Frequently Asked Questions
If you are concerned about something a lawyer has done (or not done), you should contact the Complaints Resolution Department of the Law Society of Manitoba. Before sending them a formal complaint, consider phoning them first. They may be able to help you work things out. The Complaints Resolution Department can be reached at (204) 942-5571, or toll-free at 1-855-942-5571.
If you want to proceed with a formal complaint, you must fill out a Complaint Help Form. You must sign the form. You can find a copy of the form here: https://lawsociety.mb.ca/wp-content/uploads/2019/11/Complaint_Help_Form.pdf. You can also call the Law Society by phone to request a copy of the form.
When filling out the form, be sure to include:
Send the completed form and any additional documents to:
There is an appeal available to the Complaints Commissioner, a non-lawyer who is independent of the Law Society of Manitoba. The Complaints Commissioner can review the decision.
The Complaints Review Commissioner has two choices:
Legal fees are difficult to estimate. Lawyers often charge by the amount of time spent on a case. Many lawyers charge an hourly rate, which may depend on the experience of the individual lawyer. There is no standard rate for all lawyers. In property matters, lawyers may arrange fees based on the value of the property involved.
In your first meeting with a lawyer, you should discuss fees and methods of payment. If your case is likely to be uncontested, such as in a real estate, wills and estates, or some simple divorce matters, the lawyer may charge a flat rate. Ask for a retainer agreement which will make clear what you have to pay.
There is no set amount so it is best to contact a few lawyers and compare rates.
You may request an itemized bill from your lawyer. If you are having difficulty obtaining this, you can contact the Law Society of Manitoba for assistance.
The Law Society of Manitoba offers a fee arbitration program. Both you and the lawyer must agree to arbitration. The Law Society will arrange for a review of the statement of account by a neutral arbitrator or panel of three arbitrators. There is no charge for this review. Both you and the lawyer will be at the meeting. The review process is informal. You do not need a lawyer. The arbitrator will either reduce the fee or not. Contact the Law Society Fee Arbitration Coordinator by phone at (204) 926-2048 or by email at for further information or to request an arbitration.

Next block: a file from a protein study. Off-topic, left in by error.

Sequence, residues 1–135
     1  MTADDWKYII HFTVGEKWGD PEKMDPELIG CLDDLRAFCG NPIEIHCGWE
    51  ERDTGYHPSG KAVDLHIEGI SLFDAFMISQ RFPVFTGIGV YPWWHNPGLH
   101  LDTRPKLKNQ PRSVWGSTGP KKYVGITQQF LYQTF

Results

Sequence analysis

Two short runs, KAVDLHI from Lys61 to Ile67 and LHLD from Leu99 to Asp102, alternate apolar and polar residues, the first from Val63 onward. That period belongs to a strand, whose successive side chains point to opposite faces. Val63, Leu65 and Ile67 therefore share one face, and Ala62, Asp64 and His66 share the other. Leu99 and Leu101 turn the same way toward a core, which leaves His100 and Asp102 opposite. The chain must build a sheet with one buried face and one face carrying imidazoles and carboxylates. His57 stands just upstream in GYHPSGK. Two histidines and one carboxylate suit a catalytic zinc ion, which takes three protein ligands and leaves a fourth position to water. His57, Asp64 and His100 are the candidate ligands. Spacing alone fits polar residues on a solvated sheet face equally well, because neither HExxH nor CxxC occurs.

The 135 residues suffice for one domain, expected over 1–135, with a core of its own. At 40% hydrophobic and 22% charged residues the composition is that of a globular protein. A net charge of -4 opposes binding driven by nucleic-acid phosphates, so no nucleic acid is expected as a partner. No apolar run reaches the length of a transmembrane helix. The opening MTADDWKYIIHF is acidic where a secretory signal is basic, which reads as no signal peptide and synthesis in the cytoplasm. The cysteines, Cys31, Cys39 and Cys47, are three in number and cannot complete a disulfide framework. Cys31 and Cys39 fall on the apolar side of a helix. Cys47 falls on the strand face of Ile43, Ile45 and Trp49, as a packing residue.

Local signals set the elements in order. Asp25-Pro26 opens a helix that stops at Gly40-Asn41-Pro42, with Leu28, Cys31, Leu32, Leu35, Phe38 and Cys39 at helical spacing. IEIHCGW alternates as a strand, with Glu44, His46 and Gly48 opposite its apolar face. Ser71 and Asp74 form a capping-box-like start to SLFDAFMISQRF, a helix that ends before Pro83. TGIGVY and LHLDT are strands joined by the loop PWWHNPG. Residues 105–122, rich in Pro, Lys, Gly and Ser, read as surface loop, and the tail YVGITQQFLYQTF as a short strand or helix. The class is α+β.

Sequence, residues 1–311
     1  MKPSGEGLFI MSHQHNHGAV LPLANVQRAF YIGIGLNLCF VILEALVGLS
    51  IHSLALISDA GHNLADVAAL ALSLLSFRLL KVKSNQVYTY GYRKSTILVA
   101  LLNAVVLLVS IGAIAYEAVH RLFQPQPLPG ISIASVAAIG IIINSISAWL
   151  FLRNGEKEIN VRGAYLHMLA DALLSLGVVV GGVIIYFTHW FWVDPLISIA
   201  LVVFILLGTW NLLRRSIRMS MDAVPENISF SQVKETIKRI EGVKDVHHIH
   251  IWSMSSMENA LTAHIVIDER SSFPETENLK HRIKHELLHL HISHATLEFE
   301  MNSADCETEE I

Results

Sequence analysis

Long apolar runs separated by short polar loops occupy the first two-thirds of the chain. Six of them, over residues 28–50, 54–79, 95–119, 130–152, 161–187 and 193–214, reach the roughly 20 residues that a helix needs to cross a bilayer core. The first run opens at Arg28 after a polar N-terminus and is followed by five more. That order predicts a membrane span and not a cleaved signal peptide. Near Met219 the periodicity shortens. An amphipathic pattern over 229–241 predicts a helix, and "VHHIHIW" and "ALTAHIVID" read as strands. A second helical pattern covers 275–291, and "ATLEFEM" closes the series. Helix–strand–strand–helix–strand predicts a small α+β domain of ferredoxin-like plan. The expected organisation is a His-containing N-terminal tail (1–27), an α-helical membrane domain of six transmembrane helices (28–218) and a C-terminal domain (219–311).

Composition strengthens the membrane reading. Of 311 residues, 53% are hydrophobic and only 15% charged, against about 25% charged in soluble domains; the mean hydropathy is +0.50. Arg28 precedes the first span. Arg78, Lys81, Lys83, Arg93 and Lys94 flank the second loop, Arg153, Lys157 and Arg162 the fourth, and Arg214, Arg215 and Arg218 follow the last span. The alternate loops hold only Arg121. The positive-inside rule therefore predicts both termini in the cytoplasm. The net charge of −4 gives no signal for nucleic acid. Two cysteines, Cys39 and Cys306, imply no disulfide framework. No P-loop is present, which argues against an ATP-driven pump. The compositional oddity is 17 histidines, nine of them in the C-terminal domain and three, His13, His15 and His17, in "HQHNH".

Another option is to have the fee assessed by an officer of the Court of Queen’s Bench. You do not need your lawyer’s agreement to have the fee assessed. To arrange for an assessment call (204) 945-0344 or email . You should act quickly if you want an assessment. You only have up to 6 months after you receive the lawyer’s final statement of account to apply.
In this case, you can apply to the Court of Queen’s bench for an assessment of your lawyer fees. You need to file a Form 71A Notice of Application for Assessment of Lawyer’s Bill and a Form 4D Affidavit. The forms are available on-line here: http://web2.gov.mb.ca/laws/rules/forms_e.php.
Once completed, the forms must be filed at the Court of Queen’s Bench (in Winnipeg, the Law Courts Building at 408 York Ave.).
If you qualify, Legal Aid can assist with:
Legal Aid makes a decision by looking at your financial situation and the type of legal case that you have. Your financial situation includes how much money you make, how many people are in your family, and what assets and debts you have. If you want a separation or divorce, Legal Aid will look at your income separate from your partner’s income.